Before your kids started school, you were their primary teacher, instructing them in the ABCs and 123s. Now that they’ve moved on to more complex subjects, it’s likely that you’ve shifted into the role of coach, making sure they finish their homework and get to school on time.

But even as children advance through the grades, their parents remain their most important teachers. Your attitudes toward education influence how your kids think about learning. By looking for learning experiences in your family’s daily routines, you can help your children see a connection between what they learn in school and the real world.

Kids can find out about fractions while measuring ingredients for a recipe or practice math skills by counting change at the grocery store. They can have some fun and develop verbal and critical thinking skills by devising alternative endings to books or movies. Incorporating these types of creative activities outside of school hours can help kids develop academic skills and reduce the amount of time they sit passively in front of the TV.

“Nothing has to take more than five minutes, and yet what you’ve done is you’ve conveyed to your child, ‘I care about you, I care about what you’re learning....And isn’t this an interesting world?’ ” says Dorothy Rich, author of the MegaSkills book series, which includes many home learning activities for families.

She encourages parents to take a few minutes every day to have educational interactions with their children. This could be as simple as having a child measure a rug or estimate how much it will cost to fill the gas tank. Or it could involve talking about the things you observe while traveling in the car or sitting in a waiting room. This kind of interaction can help kids build their vocabulary, conversation skills, and critical thinking abilities, as well as help instill a love of learning, Rich says.

Children younger than 13 spend 80 percent of their waking hours outside of school, according to the 2000 University of Michigan study “How American Children Spend Their Time.” What’s more, research has found that the most effective kind of parent involvement is that in which parents work with their children on at-home learning activities. This makes it even more important that parents continue the kind of informal teaching they did to get their kids ready for kindergarten once their children enter school, Rich says.

“Parents are more important in a child’s education than they think,” she says.

In addition to getting involved at school and helping kids with homework, parents can help by looking for informal learning opportunities that will encourage their child’s curiosity and help develop the child’s academic skills.

There are “lots of activities you can do at home to help your child learn without duplicating what schools do,” Rich says. “Not even the best school can do the job alone.”

Other experts agree. According to the National Science Foundation, parents exposing kids to math and science at an early age can make them more comfortable in those classes years later.

These educational activities don’t have to cost anything or take a lot of time, but they have long-lasting benefits. Here are a few activities you can try at home.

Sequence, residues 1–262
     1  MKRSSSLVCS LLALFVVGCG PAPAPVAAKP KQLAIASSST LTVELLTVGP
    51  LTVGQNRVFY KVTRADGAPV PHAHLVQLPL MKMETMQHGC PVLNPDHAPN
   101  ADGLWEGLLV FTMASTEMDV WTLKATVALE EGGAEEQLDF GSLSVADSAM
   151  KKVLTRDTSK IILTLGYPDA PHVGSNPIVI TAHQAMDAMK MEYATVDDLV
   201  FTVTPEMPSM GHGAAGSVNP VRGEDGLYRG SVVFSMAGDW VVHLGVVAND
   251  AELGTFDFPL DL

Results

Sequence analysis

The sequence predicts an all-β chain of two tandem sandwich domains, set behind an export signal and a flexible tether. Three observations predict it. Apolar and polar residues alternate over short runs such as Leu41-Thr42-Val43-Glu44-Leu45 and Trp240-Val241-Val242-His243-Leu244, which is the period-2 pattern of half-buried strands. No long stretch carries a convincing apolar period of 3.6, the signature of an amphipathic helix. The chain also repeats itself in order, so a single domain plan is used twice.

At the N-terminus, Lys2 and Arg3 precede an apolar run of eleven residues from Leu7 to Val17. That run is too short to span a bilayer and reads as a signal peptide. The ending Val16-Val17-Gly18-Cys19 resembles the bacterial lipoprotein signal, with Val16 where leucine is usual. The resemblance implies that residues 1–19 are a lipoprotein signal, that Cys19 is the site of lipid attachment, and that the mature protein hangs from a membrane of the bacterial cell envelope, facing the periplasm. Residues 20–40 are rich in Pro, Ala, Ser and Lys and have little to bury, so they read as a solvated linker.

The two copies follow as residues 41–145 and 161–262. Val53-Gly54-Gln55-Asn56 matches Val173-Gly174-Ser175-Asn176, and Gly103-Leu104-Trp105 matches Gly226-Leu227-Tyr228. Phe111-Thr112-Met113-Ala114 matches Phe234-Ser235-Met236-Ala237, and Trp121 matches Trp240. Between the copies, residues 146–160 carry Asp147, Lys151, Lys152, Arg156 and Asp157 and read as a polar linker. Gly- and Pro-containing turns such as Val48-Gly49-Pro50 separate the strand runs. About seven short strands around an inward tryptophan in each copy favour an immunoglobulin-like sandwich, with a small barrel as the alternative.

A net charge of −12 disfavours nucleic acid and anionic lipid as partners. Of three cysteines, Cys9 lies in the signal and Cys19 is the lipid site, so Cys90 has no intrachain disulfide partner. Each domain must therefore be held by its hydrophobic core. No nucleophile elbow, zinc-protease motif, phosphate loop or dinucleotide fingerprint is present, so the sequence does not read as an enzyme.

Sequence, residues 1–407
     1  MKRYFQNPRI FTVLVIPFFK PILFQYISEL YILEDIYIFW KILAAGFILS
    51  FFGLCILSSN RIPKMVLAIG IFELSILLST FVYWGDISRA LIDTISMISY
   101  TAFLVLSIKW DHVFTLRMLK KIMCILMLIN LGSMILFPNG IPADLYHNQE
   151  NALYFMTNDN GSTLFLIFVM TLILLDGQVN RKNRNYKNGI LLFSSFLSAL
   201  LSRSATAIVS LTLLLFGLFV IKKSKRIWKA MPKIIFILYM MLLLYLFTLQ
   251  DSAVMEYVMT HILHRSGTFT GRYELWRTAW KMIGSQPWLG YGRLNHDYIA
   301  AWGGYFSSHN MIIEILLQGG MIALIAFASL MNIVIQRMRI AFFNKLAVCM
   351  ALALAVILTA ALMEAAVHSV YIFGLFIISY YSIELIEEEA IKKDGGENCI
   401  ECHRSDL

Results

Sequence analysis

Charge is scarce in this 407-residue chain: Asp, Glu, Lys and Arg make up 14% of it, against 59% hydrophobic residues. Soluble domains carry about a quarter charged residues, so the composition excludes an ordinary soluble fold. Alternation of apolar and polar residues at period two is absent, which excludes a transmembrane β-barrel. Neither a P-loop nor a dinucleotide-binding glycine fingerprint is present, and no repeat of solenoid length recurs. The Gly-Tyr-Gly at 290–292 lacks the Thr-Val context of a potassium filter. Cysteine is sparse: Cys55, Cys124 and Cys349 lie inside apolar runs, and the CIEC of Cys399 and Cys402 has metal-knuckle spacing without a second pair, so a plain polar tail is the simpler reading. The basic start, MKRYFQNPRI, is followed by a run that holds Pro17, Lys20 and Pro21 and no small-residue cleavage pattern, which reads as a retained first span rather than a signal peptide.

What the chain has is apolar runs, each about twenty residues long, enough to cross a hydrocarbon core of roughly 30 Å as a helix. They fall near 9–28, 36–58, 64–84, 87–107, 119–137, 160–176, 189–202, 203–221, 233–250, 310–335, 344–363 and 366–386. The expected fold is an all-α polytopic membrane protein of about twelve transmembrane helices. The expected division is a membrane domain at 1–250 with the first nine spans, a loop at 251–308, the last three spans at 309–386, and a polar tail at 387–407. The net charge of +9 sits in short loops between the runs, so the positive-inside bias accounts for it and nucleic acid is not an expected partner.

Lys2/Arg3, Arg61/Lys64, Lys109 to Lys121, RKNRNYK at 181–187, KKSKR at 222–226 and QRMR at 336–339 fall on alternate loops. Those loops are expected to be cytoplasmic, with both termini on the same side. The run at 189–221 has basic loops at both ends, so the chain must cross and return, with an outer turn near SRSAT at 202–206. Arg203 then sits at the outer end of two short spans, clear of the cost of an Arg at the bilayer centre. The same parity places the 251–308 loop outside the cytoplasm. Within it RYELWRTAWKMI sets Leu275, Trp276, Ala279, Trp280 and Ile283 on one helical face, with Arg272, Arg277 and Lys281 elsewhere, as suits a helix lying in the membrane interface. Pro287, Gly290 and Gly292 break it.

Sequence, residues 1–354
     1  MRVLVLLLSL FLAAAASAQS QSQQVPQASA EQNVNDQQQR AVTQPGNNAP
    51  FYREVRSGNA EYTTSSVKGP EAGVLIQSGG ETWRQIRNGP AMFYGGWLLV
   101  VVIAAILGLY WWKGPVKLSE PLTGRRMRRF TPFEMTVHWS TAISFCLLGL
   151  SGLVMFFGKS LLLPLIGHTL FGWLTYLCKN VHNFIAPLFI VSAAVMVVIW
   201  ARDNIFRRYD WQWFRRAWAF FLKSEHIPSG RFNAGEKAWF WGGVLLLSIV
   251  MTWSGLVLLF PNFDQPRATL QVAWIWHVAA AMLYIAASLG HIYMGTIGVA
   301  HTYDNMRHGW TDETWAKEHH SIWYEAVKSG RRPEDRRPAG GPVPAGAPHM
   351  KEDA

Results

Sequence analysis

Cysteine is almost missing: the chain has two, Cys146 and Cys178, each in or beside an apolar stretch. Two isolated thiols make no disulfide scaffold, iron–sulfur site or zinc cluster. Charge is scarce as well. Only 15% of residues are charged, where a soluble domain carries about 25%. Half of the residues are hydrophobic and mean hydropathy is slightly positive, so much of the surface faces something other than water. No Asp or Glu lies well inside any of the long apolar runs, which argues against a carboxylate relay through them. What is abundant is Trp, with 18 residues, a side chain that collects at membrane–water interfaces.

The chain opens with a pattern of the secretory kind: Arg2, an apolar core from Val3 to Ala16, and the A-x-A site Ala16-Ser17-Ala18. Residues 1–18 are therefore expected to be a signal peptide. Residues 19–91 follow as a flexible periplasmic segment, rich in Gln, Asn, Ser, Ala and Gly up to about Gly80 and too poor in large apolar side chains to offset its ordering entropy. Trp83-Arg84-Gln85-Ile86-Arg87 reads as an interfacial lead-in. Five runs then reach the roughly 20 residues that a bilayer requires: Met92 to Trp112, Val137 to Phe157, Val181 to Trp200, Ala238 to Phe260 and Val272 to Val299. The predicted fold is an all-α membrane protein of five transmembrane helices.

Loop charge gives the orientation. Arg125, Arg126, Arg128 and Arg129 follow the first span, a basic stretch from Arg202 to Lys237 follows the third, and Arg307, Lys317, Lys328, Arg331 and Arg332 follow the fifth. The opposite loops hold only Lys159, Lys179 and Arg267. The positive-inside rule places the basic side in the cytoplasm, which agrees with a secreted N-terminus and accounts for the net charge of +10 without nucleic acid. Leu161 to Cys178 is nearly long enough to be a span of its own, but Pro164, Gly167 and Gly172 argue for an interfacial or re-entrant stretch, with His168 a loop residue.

Math

  • Help your child visualize fractions by folding napkins into halves, quarters, etc. If you’re using paper napkins, have kids label the fractions with a marker.
  • At the grocery store, explain how fruits and vegetables are sold by weight, and have your child weigh the items you select. Ask her to estimate how much the items will weigh before putting them on the scale. Then have her estimate how many items she would need to add or remove for the items to weigh one pound.

Reading

  • Turn off the TV and read a book with your child, with each of you acting out the role of a character in the book. Record your performance so you can listen to it together or share it with other family members.
  • If your child has completed his homework and wants to watch a favorite program, use that time to reinforce reading skills. Turn on the closed captioning so your child can read along as he watches and listens to the program.

Writing

  • Cut apart each panel of a comic strip and remove the words. Have your child determine what order the drawings should go in, then ask her to fill in the words for the characters.
  • Provide kids with a paintbrush and a pail of water and have them write messages on a sidewalk, or give a child a flashlight and have him spell words for you on the wall of a darkened room.

Science

  • Conduct a simple experiment with your kids to determine what household objects will float or sink in water. Or hold a test to see whether hot or cold water will freeze faster, checking the water at set intervals.
  • If you have some empty bottles on hand, ask your child to add different amounts of water to them. Blow on the rims of the bottles to see what sound they make. Ask kids to arrange the bottles from the lowest to the highest pitch.

In addition to strengthening academic skills, many home learning activities, such as helping prepare shopping lists, teach children about adult responsibilities. Parents can give older children a view into their world by showing them a bank statement or insurance document and using it to start a discussion. Parents can use exercises like these to teach kids effective study skills and skills they’ll need in the workplace, such as motivation and perseverance.

Although Rich encourages parents to view their environments as full of learning tools, she cautions them against overdoing it. If parents are drilling information into their children, it’s no longer fun for anyone.

“Your goal is...not to be there as the [lecturing] teacher...but to enable the child to feel empowered to be a self-disciplined learner,” she says.

Emily Graham is a senior editor for School Family Media. She lives with her family in Oklahoma.